Russia continues aggression against US pilots as US signs ‘memo of understanding’

By John O’Hara

State Department spokesman John Kirby (pictured this week) said the agreement is only about keeping pilots safe and is not a 'treaty of cooperation'

The Russian government has failed to explain why its pilots are conducting aggressive maneuvers in dangerous proximity to US aircraft, while also signing a memorandum of understanding with the Pentagon.

From the Daily Mail UK:

U.S. pilots told not to react to aggressive Russian jets in Syria… as the Pentagon signs ‘memorandum of understanding’ with Moscow to avoid clashes in the air

  • U.S. official says pilots warned to follow normal aviation safety procedures
  • Comes after incidents when Russian jets have flown close to U.S. planes
  • Today, United States signed a deal with Moscow to prevent mid-air clashes
  • Pentagon said memo’s full text would not be released at Russia’s request
  • But the U.S. State Department insisted it is only about keeping pilots safe and not a ‘treaty of cooperation’

U.S. pilots have been told not to react to aggressive Russia military aircraft flying above Syria, according to a U.S. official.

It comes after recent reports that Russian jets had flown so close to U.S. planes that pilots were able to see each other.

But the official, who is said to be familiar with the incident, told CNN that pilots have been instructed to proceed with normal aviation safety procedures.

The official said Russian planes had flown extremely close to U.S. planes twice in the past two weeks – one flew within 500ft and another, on Thursday, came within 1,500 feet of two U.S. jets.

However, there was no suggestion of hostile intent or action in either incident.

And today, the United States and Russia signed a memorandum of understanding that includes steps their pilots should take in order to avoid inadvertent clashes in the air over Syria as the two countries conduct separate bombing campaigns.

Pentagon press secretary Peter Cook told reporters: ‘With today’s signatures, the memorandum of understanding is now in effect.

‘That was signed a short time ago, earlier today.’

But he said the full text of the memo would not be released at Russia’s request, but said it included specific protocols for air crews to follow, plus the creation of a ground communications link between the two sides in the event that air communications fail.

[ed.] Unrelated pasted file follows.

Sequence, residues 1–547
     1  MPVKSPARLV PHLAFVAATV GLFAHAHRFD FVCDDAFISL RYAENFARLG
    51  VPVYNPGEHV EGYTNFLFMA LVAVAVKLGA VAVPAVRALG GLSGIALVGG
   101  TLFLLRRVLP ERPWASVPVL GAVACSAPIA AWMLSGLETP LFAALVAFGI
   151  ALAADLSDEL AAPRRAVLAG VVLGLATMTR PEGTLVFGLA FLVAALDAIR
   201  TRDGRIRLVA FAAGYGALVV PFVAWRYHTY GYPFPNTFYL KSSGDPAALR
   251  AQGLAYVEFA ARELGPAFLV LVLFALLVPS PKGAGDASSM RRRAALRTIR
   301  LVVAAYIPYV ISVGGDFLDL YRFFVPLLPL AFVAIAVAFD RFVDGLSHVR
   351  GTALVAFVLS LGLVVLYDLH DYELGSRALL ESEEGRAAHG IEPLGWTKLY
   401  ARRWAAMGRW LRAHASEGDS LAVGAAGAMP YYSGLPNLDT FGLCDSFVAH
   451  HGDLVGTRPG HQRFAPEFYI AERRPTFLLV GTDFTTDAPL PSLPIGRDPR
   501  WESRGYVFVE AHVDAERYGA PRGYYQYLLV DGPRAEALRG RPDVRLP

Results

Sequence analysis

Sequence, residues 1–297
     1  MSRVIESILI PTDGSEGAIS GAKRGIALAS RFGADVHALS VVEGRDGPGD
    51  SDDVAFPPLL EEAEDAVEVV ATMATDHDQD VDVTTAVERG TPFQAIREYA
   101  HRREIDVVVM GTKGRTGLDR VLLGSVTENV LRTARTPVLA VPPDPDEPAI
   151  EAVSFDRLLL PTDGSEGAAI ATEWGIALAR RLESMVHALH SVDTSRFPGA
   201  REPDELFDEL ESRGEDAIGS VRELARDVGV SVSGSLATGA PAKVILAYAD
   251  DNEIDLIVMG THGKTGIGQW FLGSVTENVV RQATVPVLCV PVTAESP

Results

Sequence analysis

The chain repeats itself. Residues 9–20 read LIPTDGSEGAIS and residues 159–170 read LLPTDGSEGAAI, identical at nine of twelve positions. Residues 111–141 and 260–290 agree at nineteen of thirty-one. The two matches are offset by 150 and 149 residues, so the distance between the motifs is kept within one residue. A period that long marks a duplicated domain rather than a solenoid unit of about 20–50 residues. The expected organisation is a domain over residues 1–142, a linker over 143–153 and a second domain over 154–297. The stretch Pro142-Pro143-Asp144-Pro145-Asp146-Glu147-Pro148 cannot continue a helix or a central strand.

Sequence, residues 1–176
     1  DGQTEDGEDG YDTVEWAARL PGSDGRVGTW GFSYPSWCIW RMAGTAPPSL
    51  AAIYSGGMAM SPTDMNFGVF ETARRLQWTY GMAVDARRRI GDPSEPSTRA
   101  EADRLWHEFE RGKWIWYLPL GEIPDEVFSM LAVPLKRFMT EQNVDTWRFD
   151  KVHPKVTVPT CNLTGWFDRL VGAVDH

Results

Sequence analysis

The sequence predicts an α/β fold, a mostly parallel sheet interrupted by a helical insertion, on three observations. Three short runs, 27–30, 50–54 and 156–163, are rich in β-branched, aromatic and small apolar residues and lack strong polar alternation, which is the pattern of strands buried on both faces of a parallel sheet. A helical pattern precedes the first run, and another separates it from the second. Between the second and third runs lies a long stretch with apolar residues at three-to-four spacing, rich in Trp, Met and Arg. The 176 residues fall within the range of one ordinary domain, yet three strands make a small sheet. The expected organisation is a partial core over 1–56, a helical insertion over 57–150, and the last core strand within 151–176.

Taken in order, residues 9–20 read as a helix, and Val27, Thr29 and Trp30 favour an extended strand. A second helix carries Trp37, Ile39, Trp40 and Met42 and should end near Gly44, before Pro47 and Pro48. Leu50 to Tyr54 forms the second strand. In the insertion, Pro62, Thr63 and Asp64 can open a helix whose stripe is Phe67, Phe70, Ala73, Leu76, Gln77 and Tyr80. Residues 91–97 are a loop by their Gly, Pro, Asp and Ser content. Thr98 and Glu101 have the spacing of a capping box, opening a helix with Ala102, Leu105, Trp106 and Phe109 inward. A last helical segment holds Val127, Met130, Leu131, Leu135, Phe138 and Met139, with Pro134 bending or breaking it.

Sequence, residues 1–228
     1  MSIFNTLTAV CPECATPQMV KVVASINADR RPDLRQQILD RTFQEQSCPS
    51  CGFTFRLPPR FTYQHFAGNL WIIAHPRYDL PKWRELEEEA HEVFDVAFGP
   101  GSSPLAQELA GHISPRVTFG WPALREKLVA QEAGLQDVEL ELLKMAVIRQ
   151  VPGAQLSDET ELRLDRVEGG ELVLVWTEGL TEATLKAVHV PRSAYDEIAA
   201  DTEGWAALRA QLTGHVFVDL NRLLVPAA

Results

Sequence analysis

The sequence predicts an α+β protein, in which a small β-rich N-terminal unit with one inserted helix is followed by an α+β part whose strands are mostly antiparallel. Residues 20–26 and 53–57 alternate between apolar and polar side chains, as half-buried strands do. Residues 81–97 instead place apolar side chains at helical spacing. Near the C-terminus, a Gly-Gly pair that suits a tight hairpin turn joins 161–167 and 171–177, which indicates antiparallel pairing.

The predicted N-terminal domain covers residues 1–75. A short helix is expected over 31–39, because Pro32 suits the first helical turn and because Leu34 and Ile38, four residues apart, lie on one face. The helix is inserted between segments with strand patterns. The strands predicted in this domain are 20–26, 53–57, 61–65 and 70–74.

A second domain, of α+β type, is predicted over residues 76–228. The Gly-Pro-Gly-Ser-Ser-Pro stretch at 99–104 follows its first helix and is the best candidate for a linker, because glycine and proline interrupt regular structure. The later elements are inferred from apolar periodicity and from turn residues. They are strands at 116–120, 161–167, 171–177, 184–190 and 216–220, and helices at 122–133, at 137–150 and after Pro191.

Cook said the memo calls for aircraft to maintain a safe distance, but he declined to be more specific about whether the protocols included specific distances.

He added that the agreement included coalition aircrafts. Coalition members include Saudi Arabia, Turkey and the United Arab Emirates.

‘The fact that we have had to resort to a memorandum of understanding gives you an indication of our concern about Russia’s activities but (also) our willingness to work with the Russians when it’s in our own interest,’ Cook added.

The U.S. State Department said the agreement is only about keeping pilots safe.

Spokesman John Kirby said: ‘It’s not a treaty of cooperation or anything like that … It doesn’t connote cooperation or coordination or joint targeting.’

The issue of aircraft safety started after Russia started bombing targets in Syria last month.

Moscow claims it is attacking Islamic State, but many of its air strikes have hit territory held by other rebel groups fighting against Russia’s Syrian ally, President Bashar al-Assad.

Earlier this month, the Pentagon said U.S.-led coalition aircrafts bombing Islamic State in Syria were re-routed at least once to avoid a close encounter with Russian planes.

‘The U.S. and Russia will form a working group to discuss any implementation issues that follow,’ Cook said, during a press briefing.

Meanwhile, Moscow confirmed it had received the memorandum on preventing mid-air incidents from the U.S. military.

According to Ria-Novosti, Deputy Defense Minister Anatoly Antonov said: ‘The memorandum contains a number of rules and restrictions aimed at preventing incidents between American and Russian plans.’

Russia had asked for ‘deconfliction’ talks with the United States after Moscow began bombing Syria on September 30.

The United States is leading a 60-plus member coalition targeting Islamic State jihadists in Iraq and Syria and has been carrying out frequent raids for more than a year.

Russia also claims to be targeting ISIS and other ‘terrorists’ but the Pentagon says it is hitting rebels fighting government forces loyal to President Bashar al-Assad.

It’s obvious that the US must begin to counter Russia’s aggressive moves with aggression itself. Russia has the momentum in Syria and unless the US can show some backbone, the aggression will continue.

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